Challenge 329 Response
by Marjorie Salzwedel
I enjoyed your questions in Challenge 329. These are my beliefs regarding “Captain Webster and the Proprietary Scientist.”
And thank you for the feedback, Margie; it’s much appreciated. Maybe, after the lively exchanges in and after issue 327, more authors and readers will explore the Challenge questions and perhaps even add some of their own. Everything in Bewildering Stories is open to discussion, from issue 1 on.
In response to “Earthspeak” being a single language or a family of languages, in my created world of the future in the year of 2038, I would ascertain that it would be a standardized and single language made so universally for the convenience of global communication. It may lack subtleties, but it would make verbal exchange between people of different nationalities spontaneous and useful, maybe with too many clichés to satisfy those who love words, but it would work.
I may have missed or misinterpreted something, but I did have the impression that “Earthspeak” was a descendant or adaptation of Esperanto and had developed dialects of its own.
If that’s the case, I wouldn’t worry about “Earthspeak” being a simplistic, cliché-ridden language; it’s evidently not a creole or pidgin but an artificial language that has become a natural one in your story. Esperanto itself is not only completely regular but also very expandable in terms of vocabulary.
As a side note, science fiction writers are well advised to avoid exact dates in their stories if at all possible. For example, the year 2038 is only 29 years in our future. That seems awfully soon to have “Earthspeak” in widespread use, let alone artificial intelligence and spaceships of the kind you depict.
In response to observing Captain Webster’s trying to calculate the meaning of the student’s body language such as shrugging and giving up chasing the rabbit, Captain Webster has not been programmed to understand indifference or to understand accepting failure, such as accepting failure to get the rabbit or keep up with the rabbit and being okay with either one of those goals.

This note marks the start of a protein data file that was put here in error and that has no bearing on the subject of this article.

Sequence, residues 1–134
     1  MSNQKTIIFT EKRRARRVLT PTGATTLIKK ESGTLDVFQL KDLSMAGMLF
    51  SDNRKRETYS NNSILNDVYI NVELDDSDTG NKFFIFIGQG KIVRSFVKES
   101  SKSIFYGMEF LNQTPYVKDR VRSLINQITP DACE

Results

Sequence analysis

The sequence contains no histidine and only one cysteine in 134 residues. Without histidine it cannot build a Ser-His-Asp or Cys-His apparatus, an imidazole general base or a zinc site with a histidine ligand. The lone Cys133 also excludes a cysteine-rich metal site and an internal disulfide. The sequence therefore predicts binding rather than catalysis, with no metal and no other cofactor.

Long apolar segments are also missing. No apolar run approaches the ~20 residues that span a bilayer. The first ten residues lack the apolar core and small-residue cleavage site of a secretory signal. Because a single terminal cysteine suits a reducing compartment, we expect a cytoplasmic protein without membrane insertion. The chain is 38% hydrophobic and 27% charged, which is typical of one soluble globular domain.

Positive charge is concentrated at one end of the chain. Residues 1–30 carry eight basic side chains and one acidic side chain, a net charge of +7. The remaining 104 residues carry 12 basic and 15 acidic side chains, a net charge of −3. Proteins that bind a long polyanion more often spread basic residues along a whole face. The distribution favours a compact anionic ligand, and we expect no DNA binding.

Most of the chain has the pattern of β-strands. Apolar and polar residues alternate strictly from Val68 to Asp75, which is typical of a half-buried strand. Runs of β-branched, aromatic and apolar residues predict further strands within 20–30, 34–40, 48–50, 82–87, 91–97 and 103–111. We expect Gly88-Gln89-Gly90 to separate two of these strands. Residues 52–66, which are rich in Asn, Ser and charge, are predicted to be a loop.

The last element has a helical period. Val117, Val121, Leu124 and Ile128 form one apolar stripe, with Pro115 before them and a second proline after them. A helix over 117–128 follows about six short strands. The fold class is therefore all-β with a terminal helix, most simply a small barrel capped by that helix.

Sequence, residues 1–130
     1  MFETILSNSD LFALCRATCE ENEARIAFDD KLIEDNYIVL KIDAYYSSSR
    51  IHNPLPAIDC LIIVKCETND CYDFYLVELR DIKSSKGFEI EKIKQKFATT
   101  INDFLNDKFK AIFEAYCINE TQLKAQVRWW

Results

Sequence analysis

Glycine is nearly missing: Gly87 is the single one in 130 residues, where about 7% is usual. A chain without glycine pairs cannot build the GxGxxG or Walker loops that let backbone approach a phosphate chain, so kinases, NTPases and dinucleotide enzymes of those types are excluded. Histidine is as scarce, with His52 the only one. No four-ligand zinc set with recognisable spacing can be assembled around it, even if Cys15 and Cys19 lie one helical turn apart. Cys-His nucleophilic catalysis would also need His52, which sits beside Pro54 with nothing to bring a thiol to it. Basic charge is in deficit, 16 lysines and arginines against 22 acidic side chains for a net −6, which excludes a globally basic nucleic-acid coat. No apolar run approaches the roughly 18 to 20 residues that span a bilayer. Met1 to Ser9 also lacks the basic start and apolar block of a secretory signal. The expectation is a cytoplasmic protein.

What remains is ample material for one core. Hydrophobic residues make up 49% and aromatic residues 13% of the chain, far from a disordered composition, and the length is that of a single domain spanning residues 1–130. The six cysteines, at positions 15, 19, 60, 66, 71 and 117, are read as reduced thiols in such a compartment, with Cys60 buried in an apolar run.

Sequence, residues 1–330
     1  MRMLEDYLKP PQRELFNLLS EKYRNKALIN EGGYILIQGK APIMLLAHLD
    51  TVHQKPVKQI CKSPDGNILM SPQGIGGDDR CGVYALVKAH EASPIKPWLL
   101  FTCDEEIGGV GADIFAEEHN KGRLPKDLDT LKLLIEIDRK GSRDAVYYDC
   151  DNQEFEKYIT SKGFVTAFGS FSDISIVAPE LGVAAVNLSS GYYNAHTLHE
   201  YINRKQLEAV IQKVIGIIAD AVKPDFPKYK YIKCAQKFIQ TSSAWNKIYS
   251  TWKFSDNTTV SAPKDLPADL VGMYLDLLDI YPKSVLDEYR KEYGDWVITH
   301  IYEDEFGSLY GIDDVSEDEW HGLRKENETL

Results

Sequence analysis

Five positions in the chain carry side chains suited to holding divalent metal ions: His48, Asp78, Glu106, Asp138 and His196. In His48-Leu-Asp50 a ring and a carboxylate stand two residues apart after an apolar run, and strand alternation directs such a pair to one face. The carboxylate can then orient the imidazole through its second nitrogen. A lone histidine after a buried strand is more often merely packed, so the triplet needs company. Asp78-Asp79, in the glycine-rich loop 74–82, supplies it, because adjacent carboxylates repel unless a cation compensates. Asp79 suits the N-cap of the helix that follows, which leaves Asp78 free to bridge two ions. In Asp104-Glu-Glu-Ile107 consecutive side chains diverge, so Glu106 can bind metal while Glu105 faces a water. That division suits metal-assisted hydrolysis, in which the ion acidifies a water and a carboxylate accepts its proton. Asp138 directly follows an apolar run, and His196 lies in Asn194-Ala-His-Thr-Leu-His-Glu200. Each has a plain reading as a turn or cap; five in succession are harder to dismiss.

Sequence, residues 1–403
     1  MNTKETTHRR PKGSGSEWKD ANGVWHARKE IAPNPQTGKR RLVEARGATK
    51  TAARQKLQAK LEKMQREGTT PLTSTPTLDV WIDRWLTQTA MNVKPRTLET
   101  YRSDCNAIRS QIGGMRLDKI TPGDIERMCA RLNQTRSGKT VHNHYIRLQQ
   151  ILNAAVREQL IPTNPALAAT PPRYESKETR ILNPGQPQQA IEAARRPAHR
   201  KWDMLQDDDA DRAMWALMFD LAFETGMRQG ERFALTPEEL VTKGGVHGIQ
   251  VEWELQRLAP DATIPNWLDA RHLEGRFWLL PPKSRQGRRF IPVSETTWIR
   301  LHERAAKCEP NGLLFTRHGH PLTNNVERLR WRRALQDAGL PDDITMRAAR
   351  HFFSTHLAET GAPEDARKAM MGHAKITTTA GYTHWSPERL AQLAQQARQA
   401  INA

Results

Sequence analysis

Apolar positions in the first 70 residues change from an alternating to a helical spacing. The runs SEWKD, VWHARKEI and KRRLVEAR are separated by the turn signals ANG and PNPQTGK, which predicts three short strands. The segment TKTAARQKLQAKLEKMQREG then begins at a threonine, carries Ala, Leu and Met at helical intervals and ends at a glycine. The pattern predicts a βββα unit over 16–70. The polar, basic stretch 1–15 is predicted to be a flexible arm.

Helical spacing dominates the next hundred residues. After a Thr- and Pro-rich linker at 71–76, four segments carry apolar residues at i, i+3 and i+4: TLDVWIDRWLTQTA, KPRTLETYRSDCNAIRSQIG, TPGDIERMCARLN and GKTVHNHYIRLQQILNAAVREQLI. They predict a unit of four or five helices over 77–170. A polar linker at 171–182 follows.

Star Trek’s Commander Data, an android, has problems interpreting human emotions; it’s a leitmotif of the entire series. In that way, Data is the counterpart of the original series’ thoroughly logical Mr. Spock or the subsequent Voyager’s Mr. Tuvok.
In terms of your story, it’s practical that an AI understand everything but emotion. If it did understand emotions, it would become an artificial human analog and, as such, be distinguishable from the other characters in the story only in terms of clothing.
In response to whether Dr. Zetterberg thinks his robot creation is trustworthy enough to pilot a spaceship, it is my belief that this proprietary scientist believes just that.
And yet Dr. Z. plants a “mole” among the crew as a precaution against Capt. Webster’s possibly going awry.
Captain Webster has been programmed to understand every billionth aspect of the spaceship. The robot says he has been able to exceed the scientist’s knowledge by calculating further. “He is an expert on everything,” Dr. Zetterman says in his defense when one of the researchers says, “Since when is he an expert on women?”
Heh... I don’t think Dr. Z. really answers the question about women. He may think he does, but I expect readers will see women and spaceships as being of two different orders. And yet that could be a charming bit of naïveté on the part of Dr. Z.: after all, he is only a mere male and a scientist, to boot... (imagine mischievous grin here)
It might be assumed he has accumulated scientific knowledge beyond the eye of normal scientific observation within the intricate configurations of physics and mathematics such as where the elements of the “string theory” might be proved.
Capt. Webster is not only single-minded, he’s ambitious, too! Maybe it’s too much of a stretch to say he has a Captain Ahab complex, but is he drunk with power? Maybe a little tipsy... (grin)
Yet, please let me know where I may make different judgments in answer to these questions. I might improve the story.
Composition is the fun of writing. And discussing a story after the fact enables readers to share in the fun.